1. Limited time only! Sign up for a free 30min personal tutor trial with Chegg Tutors
    Dismiss Notice
Dismiss Notice
Join Physics Forums Today!
The friendliest, high quality science and math community on the planet! Everyone who loves science is here!

Homework Help: Conway's game of Life

  1. Jul 17, 2010 #1
    1. The problem statement, all variables and given/known data
    I've decided to research Conway's Game of Life for my science project. and I can't seem to find any equations that would fit as Life's physical laws. Any ideas would be gratefully received. (Please keep in mind that I am merely a high schooler)

    2. Relevant equations



    3. The attempt at a solution
     
  2. jcsd
  3. Jul 18, 2010 #2
    Im not sure life has any equations as such. Im not a biologist but nobody had answered your question so I thought Id give my two cents.

    Life is normally governed by rules such as Darwinian Natural Selection (read " https://www.amazon.com/Origin-Speci...sr_1_1?ie=UTF8&s=books&qid=1279449192&sr=8-1" "). These theories dont really have equations and are concepts.

    At a fundamental all life and everything is governed by Quantum Mechanics or some even more fundamental theory, which does contain equations, but we are a ways off working this out yet!

    Hope this helps.

    J
     
    Last edited by a moderator: May 4, 2017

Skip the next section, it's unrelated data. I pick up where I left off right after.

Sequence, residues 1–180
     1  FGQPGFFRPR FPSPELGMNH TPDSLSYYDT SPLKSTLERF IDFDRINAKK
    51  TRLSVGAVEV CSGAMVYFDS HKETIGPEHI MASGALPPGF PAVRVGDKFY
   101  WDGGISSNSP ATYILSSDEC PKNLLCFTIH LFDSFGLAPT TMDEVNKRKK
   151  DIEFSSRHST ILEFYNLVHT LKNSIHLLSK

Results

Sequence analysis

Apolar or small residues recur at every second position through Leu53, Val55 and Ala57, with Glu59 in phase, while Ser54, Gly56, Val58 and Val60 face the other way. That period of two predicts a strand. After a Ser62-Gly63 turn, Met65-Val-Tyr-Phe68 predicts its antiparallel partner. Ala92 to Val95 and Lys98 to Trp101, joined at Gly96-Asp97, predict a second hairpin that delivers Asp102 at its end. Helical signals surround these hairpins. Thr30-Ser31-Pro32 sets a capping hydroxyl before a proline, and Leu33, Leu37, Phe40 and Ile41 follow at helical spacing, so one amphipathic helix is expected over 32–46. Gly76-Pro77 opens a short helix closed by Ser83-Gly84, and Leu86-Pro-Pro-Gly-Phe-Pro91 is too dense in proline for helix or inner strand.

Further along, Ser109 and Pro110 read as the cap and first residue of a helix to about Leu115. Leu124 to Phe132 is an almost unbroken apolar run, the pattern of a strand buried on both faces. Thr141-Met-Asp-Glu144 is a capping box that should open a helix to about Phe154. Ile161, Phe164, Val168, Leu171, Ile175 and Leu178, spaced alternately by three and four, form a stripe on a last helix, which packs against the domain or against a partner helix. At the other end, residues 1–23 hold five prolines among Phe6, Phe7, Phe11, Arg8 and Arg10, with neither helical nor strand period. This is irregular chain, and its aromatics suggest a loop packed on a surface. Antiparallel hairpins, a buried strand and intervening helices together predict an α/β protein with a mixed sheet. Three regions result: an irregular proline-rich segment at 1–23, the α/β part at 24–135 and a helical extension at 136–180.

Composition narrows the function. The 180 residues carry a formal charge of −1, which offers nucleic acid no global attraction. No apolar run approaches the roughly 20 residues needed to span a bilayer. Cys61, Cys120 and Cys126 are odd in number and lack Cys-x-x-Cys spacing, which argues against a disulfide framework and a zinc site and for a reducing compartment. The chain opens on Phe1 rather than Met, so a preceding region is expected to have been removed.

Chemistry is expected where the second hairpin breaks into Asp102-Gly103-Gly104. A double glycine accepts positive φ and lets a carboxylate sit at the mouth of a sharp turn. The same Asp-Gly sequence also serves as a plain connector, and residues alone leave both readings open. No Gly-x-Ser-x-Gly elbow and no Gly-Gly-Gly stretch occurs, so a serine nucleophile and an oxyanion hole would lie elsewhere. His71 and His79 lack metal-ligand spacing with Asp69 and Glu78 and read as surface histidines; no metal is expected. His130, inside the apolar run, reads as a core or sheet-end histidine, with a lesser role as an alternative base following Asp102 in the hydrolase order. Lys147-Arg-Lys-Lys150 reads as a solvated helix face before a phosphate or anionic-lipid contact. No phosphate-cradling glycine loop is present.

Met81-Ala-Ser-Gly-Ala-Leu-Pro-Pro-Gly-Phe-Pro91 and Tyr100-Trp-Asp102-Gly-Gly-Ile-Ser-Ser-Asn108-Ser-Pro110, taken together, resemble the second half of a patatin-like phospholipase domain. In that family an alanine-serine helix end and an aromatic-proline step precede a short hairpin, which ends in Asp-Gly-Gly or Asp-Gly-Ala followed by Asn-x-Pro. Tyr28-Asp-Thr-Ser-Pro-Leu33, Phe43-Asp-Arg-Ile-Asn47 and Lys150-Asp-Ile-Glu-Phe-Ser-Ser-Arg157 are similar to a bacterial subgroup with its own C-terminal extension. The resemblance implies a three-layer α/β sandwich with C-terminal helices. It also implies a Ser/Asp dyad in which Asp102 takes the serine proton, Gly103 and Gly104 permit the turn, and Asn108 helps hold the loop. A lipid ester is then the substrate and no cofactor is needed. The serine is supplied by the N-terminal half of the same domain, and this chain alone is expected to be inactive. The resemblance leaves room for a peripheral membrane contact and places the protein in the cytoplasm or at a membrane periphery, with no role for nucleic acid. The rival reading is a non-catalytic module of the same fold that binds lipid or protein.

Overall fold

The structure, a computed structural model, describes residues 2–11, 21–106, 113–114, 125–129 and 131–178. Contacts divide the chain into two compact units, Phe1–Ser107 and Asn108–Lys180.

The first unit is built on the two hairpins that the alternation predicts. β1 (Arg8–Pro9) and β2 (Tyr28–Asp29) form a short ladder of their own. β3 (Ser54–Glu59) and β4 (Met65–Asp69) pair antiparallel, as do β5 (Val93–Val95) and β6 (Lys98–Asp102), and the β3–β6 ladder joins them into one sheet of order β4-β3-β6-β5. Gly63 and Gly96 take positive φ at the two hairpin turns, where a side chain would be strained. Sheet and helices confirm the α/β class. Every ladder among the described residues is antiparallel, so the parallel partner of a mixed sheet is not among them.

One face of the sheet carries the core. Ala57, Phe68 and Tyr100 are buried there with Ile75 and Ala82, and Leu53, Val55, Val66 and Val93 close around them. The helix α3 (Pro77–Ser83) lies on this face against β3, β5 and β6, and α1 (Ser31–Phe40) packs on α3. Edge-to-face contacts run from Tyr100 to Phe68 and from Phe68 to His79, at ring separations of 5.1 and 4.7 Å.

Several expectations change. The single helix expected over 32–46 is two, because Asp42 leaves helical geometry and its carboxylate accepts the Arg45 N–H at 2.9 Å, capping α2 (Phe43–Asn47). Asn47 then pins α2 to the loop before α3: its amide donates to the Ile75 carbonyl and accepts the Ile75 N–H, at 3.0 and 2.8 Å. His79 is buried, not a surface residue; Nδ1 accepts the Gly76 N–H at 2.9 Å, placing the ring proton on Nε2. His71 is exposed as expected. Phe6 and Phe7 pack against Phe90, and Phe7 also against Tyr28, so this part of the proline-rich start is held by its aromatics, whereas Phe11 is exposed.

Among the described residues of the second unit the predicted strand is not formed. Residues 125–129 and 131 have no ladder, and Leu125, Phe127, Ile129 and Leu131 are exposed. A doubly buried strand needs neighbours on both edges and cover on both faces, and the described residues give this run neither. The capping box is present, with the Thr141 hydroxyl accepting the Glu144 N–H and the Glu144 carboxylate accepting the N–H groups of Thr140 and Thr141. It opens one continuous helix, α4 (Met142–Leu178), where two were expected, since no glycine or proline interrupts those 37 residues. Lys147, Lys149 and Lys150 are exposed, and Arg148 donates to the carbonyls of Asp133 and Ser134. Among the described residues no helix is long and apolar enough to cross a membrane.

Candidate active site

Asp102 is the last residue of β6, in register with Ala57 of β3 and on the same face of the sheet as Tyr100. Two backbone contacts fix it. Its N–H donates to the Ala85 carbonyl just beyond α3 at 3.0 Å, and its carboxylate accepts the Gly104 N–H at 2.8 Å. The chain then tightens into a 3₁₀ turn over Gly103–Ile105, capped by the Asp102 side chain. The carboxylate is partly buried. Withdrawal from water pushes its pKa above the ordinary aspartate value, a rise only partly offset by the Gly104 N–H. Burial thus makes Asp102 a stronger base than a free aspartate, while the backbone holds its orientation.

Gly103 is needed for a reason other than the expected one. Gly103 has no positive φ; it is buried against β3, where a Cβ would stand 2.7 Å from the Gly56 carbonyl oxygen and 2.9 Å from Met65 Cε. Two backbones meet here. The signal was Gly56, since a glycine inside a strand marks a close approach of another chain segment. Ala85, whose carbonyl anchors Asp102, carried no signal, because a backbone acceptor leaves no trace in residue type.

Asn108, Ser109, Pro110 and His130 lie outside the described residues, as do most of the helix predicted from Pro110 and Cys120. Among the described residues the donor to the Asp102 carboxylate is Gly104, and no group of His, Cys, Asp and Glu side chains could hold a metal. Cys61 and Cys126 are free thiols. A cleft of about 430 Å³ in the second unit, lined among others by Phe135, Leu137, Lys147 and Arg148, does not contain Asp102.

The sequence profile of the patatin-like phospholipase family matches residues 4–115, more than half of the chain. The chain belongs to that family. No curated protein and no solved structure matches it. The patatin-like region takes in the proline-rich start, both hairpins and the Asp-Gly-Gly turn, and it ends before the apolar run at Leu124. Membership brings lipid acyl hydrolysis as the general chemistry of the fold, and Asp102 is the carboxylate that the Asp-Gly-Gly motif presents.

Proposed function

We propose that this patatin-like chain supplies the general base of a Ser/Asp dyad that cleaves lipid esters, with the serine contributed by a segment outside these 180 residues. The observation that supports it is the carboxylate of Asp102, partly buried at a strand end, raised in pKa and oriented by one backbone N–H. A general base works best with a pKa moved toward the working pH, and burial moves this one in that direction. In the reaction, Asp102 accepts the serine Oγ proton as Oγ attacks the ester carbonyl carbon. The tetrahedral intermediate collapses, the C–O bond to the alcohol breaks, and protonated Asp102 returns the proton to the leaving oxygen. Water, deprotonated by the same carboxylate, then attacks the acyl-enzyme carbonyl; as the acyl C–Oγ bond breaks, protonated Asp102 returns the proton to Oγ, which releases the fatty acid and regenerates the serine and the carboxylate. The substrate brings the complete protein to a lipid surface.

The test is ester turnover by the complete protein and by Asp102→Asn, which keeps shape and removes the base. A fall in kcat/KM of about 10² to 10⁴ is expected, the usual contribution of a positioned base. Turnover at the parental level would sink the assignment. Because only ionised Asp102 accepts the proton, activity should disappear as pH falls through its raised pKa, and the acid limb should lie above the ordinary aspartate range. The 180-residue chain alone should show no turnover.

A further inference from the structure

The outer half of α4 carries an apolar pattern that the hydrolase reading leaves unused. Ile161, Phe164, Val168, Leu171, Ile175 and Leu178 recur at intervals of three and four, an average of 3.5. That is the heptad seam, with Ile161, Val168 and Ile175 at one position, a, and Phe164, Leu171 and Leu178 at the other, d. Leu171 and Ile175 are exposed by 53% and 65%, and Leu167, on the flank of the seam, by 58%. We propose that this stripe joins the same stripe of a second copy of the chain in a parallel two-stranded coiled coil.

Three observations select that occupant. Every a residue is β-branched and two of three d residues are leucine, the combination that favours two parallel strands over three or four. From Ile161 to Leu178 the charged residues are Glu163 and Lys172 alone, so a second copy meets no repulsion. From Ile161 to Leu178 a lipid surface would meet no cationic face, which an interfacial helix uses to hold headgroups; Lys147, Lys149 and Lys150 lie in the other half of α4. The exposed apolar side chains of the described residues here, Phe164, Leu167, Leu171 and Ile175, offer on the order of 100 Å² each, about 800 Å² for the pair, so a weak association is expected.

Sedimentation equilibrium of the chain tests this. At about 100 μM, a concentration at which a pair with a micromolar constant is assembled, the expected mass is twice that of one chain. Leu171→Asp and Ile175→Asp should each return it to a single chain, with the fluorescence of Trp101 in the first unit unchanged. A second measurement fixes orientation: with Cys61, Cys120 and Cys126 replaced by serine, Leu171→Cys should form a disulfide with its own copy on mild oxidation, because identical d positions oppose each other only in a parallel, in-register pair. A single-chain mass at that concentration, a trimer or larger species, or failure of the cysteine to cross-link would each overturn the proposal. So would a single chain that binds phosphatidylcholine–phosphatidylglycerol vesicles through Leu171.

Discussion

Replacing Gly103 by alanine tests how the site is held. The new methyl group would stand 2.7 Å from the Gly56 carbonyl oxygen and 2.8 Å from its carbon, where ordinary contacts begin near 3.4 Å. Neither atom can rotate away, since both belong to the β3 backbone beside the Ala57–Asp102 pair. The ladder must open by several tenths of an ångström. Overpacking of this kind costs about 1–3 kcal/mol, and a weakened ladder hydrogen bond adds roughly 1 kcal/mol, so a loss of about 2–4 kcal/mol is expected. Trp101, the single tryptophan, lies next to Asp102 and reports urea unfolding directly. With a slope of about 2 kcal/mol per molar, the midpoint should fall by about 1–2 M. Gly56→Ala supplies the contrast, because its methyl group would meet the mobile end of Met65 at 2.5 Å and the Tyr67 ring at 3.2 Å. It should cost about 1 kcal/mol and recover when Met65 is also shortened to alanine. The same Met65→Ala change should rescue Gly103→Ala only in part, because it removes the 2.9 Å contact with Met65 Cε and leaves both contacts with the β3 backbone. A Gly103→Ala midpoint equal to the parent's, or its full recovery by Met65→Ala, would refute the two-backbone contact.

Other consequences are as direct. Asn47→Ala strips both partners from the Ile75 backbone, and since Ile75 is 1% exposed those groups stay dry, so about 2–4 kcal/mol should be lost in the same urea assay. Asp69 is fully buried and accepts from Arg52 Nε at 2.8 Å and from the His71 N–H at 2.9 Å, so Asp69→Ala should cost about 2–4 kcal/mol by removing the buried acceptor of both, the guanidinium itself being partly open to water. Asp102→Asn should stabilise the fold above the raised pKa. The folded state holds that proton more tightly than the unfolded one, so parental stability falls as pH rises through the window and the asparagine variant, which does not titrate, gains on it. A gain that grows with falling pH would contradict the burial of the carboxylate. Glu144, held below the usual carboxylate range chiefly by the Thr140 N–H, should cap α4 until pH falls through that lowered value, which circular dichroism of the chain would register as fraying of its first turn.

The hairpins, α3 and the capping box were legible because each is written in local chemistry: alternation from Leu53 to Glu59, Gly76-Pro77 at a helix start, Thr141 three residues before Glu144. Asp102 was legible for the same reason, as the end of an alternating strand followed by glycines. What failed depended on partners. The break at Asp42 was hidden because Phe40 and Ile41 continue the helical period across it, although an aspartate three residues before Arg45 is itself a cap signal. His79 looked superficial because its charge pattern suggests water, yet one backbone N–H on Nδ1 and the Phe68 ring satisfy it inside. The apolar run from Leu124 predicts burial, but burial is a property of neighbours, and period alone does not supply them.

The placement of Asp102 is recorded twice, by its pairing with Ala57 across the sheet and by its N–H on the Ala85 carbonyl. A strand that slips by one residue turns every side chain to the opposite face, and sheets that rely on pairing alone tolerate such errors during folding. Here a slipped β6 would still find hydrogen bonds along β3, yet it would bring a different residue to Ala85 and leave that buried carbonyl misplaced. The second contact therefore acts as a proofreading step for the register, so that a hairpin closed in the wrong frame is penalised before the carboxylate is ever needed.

4. Jul 18, 2010 #3

    phyzguy

    User Avatar
    Science Advisor

  5. Jul 19, 2010 #4
    Actually, I was wondering if there were equations that would be able to predict the movement(?)/shape of the cells after "n" generations.
     
  6. Jul 19, 2010 #5

    phyzguy

    User Avatar
    Science Advisor

    I don't think anything of this sort exists.
     
  7. Jul 19, 2010 #6

    DaveC426913

    User Avatar
    Gold Member

    Well, not an equation, no. An algorithm, yes.

    See, what you do is you set up a simulation. You configure your simulation to match the rules of the Game of Life that you're going to run (we'll call the simulation "The Game of the Game of Life"), then you iterate through the simulation until you reach generation 'n'. Your simulation will now spit out the movement and shape of the cells at generation 'n'. Now you can go back to your Game of Life and know what it will look like at gerenation "n".

    Now here's a bonus question: how might you predict what the cells' shape and movement will be like at generation "n" in your Game of the Game of Life?

    :biggrin:
     
Share this great discussion with others via Reddit, Google+, Twitter, or Facebook